A Shakespearean ghost and an old tree

Herne’s Oak, Windsor Park circa 1799
Etching with hand colouring, attributed to Samuel Ireland (1744-1800). The two Merry Wives of Windsor, Mistress Page and Mistress Ford, are standing with Falstaff at Herne’s Oak.
Drawings Gallery, Windsor Castle
Royal Collection Trust/© Her Majesty Queen Elizabeth II 2016

In the grounds of Windsor Castle in England stand thousand-year-old oaks so huge and gnarled and blasted it’s easy to imagine them haunted by spirits. Shakespeare used this conceit in his play “The Merry Wives of Windsor.”

When I was a Windsor wife in the early 1960s , I attended a performance by the Windsor Repertory Theatre of “Merry Wives” one summer evening in the castle gardens. Probably written to amuse Queen Elizabeth I, the play uses as its setting then-familiar Windsor landmarks, such as the 14th century Garter Inn on High Street and Herne’s Oak in Windsor Great Park.

The play centers around the drinker and gambler Sir John Falstaff, known from the plays Henry IV part 1 and part 2. Short of money, he comes to Windsor where he attempts to seduce both Mistress Page and Mistress Ford in hope that at least one of them will share her husband’s wealth with him. He writes each wife an identical letter, but the two women, who are close friends, immediately show each other their letters and are outraged.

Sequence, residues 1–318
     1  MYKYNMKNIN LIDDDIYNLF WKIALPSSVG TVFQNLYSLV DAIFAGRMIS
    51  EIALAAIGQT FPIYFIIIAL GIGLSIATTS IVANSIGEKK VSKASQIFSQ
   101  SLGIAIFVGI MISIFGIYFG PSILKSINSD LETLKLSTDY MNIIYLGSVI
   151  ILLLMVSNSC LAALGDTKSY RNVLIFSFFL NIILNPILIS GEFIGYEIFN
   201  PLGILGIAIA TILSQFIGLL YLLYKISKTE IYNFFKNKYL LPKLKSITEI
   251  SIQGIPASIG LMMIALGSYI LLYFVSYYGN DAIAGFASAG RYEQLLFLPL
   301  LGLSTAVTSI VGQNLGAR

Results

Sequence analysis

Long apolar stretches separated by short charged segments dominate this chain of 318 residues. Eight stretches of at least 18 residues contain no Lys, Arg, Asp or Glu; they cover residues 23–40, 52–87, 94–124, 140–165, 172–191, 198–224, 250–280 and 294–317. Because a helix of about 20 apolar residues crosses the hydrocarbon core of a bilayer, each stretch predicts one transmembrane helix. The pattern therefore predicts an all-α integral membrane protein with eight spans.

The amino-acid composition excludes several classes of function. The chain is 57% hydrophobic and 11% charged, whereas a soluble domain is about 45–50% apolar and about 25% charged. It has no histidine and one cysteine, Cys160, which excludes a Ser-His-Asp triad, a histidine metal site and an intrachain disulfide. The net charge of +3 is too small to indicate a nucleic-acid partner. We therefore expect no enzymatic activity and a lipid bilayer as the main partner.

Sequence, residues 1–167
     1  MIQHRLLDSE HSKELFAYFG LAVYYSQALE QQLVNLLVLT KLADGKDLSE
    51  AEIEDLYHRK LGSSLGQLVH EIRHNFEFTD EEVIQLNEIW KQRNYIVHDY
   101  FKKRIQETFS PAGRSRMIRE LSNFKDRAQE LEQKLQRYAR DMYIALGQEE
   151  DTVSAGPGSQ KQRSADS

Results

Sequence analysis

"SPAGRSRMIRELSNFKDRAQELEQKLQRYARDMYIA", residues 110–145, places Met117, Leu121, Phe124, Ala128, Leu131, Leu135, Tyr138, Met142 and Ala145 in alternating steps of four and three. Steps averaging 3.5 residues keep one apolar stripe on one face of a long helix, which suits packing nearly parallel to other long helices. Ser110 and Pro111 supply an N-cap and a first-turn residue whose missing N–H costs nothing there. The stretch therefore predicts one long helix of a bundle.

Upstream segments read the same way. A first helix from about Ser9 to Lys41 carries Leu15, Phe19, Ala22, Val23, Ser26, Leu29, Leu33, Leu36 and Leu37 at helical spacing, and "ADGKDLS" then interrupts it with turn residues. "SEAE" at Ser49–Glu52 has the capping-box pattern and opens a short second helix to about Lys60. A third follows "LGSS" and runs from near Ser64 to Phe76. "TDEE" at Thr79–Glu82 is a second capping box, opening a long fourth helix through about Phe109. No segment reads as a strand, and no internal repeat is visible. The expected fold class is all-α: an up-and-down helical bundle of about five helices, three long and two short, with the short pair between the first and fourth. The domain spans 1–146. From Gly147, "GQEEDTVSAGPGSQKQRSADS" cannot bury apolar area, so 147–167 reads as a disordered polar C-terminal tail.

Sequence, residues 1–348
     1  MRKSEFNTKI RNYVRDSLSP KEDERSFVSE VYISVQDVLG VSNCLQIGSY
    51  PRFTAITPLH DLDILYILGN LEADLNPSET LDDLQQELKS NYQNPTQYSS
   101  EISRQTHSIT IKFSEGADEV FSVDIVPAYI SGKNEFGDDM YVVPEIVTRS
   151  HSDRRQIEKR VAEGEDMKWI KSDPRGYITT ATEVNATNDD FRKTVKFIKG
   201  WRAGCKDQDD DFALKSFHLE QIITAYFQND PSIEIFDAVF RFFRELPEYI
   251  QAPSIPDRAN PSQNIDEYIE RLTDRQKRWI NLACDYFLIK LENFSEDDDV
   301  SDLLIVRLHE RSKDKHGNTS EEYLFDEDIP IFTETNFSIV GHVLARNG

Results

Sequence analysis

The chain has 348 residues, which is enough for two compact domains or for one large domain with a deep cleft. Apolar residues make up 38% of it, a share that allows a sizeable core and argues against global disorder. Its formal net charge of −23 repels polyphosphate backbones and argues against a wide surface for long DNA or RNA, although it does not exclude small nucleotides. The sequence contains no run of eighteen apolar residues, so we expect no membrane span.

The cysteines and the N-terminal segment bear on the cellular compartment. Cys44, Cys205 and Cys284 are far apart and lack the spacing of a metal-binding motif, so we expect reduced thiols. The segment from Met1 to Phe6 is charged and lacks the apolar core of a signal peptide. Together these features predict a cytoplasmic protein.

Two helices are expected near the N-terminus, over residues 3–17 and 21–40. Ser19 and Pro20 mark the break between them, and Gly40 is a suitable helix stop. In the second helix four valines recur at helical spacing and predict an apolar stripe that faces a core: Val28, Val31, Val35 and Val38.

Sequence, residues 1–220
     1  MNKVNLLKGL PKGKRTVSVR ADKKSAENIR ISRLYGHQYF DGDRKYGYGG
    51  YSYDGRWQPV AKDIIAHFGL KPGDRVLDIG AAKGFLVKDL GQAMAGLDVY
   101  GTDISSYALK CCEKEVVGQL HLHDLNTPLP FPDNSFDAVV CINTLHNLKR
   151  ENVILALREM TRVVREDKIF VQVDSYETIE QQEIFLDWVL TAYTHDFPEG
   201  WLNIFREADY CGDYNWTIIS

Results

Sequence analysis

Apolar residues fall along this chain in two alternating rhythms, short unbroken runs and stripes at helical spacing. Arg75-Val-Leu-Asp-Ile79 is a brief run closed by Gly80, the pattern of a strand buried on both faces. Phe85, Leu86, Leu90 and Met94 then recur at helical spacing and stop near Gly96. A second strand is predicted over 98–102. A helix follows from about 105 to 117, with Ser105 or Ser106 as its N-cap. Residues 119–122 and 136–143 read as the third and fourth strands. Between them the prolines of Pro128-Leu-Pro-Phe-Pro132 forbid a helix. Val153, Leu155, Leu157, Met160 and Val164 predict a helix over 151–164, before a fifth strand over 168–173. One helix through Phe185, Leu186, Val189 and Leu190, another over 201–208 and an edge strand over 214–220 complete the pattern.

Shakespeare bust

William Shakespeare

The wives decide to teach Falstaff a lesson, and pretend to lead him on while planning his downfall. He is dumped from a laundry basket into the muddy River Thames, and beaten while disguised as the Old Woman of Brentford, who is believed to be a witch. With their husbands in on the secret, they concoct a final revenge for his clumsy insults to their virtue. Mistress Page sets the scene:

There is an old tale goes that Herne the hunter,
Sometime a keeper here in Windsor Forest,
Doth all the winter-time, at still midnight,
Walk round about an oak, with great ragg’d horns;
And there he blasts the tree, and takes the cattle,
And makes milch-kine yield blood, and shakes a chain